Battalions of the 30th Division’s 119th and 120th Infantry Regiments began occupying portions of the front in the Canal sector, ten miles southwest of Ypres.  One regiment had its camp at “Dirty Bucket,” about four miles from Ypres.  Soldiers were housed in huts built by the British in a grove of oak trees big enough to house an entire company (256 officers and men).  Quarters were far from luxurious—a lack of cots or bunks meant soldiers slept on the floor.  For the commanding and staff officers of the 27th and 30th, however, it was much different.  The 27th maintained headquarters at Oudezeele, while the 30th Division set up its command in Watou, where O’Ryan and Lewis slept in relative comfort.  Many of the divisions’ staff and senior regimental officers were housed in what were called “Armstrong Hut.”  Collapsible and easily moved, the sides of the huts were banked with sand bags to protect the occupants from shrapnel and shell fragments should an artillery round burst nearby.  The banks of sand bags were three feet high, “just enough to cover you when lying on the cot.”

Wall scaling at Camp Wadsworth, S.C. Ca. 1918. Paul Thompson. (War Dept.) Exact Date Shot Unknown NARA FILE #: 165-WW-151B-8 WAR & CONFLICT BOOK #: 448
Wall scaling at Camp Wadsworth, S.C. Ca. 1918. Paul Thompson. (War Dept.)

Both divisions were now only four miles from the front and well within range of enemy artillery.  On 13 July, Private Robert P. Friedman, a member of the 102d Engineers, died as a result of wounds from German shellfire and became the first combat casualty suffered by the 27th Division.  Friedman was one of many Jewish soldiers, both officers and enlisted men, in the 27th, and his loss was mourned by all in the division.  The 30th Division had its first combat-related death a month earlier, when First Lieutenant Wily O. Bissett of the 119th Infantry, was killed in a similar manner on 17 June.

In Belgium, the Americans witnessed the hardships suffered by the civilian population.  Although shelling had all but destroyed the villages around Ypres, it failed to break the spirit of the Flemish people.   As farmers continued to cultivate their fields, engineers from the American divisions on the East Poperinghe Defense Line were specifically instructed not to damage the crops.  This was a difficult order to follow since the laying of wire entanglements near the front meant clearing some of the crops despite protests from the farmers.

Over the course of several nights, 16-24 August, the 27th and 30th Divisions prepared for combat.  The 30th Division ordered its 60th Infantry Brigade to take over the Canal sector from the British 33d Division, located on the north face of the Lys salient southwest of Ypres.  The 119th Infantry was on the right side of the line, the 120th Infantry on its left.  In reserve was the 59th Infantry Brigade (117th and 118th Infantry Regiments).  A week later, the 53d Infantry Brigade (105th and 106th Infantry Regiments), 27th Division, relieved the British 6th Division in the Dickebusch sector.  It took over the front and support positions with regiments side by side and the 54th Infantry Brigade (107th and 108th Infantry Regiments) in reserve.  The British divisions left their artillery units to support the Americans.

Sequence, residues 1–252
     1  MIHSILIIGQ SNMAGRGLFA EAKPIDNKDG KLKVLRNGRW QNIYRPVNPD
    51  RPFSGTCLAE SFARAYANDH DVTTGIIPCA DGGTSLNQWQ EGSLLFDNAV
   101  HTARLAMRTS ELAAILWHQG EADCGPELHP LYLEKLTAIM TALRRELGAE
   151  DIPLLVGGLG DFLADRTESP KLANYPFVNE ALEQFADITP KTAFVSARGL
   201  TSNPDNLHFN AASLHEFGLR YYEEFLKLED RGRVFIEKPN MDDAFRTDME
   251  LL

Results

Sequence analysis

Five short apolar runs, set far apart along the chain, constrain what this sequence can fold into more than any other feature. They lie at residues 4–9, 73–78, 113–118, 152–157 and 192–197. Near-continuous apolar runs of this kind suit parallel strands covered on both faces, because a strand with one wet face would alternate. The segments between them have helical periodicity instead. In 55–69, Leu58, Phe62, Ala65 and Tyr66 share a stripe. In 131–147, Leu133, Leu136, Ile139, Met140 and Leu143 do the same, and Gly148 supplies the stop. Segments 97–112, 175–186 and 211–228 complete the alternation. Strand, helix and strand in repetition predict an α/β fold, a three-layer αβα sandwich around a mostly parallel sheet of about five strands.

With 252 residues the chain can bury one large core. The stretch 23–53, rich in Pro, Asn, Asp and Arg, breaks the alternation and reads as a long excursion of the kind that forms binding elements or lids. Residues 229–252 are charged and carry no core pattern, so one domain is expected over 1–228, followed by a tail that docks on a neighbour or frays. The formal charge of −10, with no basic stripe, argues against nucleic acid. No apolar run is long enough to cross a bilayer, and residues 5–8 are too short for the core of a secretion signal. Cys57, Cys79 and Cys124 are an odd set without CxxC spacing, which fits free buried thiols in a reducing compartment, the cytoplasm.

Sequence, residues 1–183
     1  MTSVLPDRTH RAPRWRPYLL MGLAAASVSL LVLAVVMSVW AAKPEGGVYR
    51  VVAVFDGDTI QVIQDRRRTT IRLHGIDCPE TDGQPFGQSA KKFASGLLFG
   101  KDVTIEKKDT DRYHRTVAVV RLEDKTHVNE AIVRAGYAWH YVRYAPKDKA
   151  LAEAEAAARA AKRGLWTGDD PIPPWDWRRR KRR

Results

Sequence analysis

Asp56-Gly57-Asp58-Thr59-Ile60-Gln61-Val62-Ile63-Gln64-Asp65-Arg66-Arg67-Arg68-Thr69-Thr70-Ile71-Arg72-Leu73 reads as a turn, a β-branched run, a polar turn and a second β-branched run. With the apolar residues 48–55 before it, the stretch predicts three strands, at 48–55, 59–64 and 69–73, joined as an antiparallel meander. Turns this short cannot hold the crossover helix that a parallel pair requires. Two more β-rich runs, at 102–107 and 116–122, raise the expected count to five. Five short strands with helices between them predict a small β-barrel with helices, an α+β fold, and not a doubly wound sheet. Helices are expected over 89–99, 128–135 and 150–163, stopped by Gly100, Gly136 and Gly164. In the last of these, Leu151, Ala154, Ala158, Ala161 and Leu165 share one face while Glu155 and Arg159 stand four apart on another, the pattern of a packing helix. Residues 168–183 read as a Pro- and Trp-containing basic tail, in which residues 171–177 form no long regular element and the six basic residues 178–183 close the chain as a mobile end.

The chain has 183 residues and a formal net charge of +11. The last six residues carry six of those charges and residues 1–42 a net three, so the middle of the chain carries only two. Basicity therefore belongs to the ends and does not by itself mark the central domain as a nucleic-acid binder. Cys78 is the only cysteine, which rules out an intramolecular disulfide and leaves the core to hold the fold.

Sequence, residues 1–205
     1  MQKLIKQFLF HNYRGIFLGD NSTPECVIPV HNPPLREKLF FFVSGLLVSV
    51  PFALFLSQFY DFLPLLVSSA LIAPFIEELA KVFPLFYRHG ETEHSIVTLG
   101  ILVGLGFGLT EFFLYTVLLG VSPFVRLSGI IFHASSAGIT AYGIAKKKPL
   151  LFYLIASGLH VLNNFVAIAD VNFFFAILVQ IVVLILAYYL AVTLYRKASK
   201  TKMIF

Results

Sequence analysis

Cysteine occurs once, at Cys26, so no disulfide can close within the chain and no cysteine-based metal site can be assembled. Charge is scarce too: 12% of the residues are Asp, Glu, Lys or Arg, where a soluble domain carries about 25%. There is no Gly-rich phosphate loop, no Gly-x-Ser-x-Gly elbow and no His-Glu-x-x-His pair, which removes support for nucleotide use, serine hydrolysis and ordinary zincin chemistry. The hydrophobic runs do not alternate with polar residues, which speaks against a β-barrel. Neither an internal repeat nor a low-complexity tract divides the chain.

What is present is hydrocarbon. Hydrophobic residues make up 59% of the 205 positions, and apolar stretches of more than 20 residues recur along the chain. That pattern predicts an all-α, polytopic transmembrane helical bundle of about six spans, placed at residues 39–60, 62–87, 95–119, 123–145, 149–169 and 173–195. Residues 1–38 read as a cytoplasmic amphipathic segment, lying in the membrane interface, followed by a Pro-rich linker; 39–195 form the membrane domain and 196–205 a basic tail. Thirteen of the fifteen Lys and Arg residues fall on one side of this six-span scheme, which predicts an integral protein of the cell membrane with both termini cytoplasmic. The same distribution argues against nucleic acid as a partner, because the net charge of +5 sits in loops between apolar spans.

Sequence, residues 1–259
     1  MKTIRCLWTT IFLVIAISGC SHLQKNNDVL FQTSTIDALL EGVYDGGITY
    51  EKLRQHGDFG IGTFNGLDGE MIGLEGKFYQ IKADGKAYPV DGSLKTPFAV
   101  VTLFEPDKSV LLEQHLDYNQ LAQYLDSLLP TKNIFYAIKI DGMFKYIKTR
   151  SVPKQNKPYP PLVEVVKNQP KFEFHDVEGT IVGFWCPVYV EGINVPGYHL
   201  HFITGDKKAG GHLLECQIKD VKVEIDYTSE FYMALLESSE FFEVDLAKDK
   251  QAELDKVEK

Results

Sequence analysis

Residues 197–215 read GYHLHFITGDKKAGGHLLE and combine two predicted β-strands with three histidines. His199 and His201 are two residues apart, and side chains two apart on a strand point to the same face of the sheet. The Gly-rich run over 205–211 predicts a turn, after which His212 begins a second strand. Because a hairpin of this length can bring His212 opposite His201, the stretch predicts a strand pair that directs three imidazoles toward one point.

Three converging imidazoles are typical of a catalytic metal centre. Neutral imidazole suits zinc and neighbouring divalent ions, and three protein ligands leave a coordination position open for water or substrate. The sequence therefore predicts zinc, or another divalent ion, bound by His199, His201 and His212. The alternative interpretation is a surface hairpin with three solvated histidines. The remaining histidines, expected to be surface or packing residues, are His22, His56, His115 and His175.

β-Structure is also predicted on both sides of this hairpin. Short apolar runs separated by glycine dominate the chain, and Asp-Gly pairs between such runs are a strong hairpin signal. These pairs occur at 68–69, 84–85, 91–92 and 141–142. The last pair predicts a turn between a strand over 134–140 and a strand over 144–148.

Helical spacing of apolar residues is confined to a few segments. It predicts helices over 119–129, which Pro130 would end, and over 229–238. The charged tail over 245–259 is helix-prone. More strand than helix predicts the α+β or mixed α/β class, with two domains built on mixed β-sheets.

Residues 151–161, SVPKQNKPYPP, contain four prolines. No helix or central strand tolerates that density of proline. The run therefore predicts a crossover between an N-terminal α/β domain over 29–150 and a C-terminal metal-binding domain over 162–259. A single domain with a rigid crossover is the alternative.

Troop movements, as well as the transport of supplies, were carried out by light railway and conducted during the night to avoid attracting fire from German artillery on Kemmel Hill.  In advance of infantry and machine gun units were the 102d (27th Division) and 105th (30th Division) Engineers.  They had the difficult and dangerous task of repairing pockmarked roads, made nearly impassable after three years of shellfire.  Once the troops reached the front, they were quartered in wooden huts built by British engineers.  Two squads of eight men, with a corporal in charge, slept in a hut, which one occupant described as spacious.  To coordinate liaison between the infantry and the artillery, work details had to lay cable.  This meant digging a six foot trench through the hard Flanders clay that was not unlike the soil of South Carolina.

Each day involved surveillance from observation posts and airplanes.  The first few days were reported as calm.  A “quiet, inoffensive attitude,” is how a 30th Division officer summarized this period.  Such calm, however, did not last.  Suddenly, as the division’s historians noted, “the scene had now shifted to the battleground of the World War—a stern and terrible reality to the men of all ranks.”  They were referring to night patrols sent out as far as 1,000 yards to probe enemy defenses.  Troops patrolling too close to the German outpost lines were greeted with machine gun fire.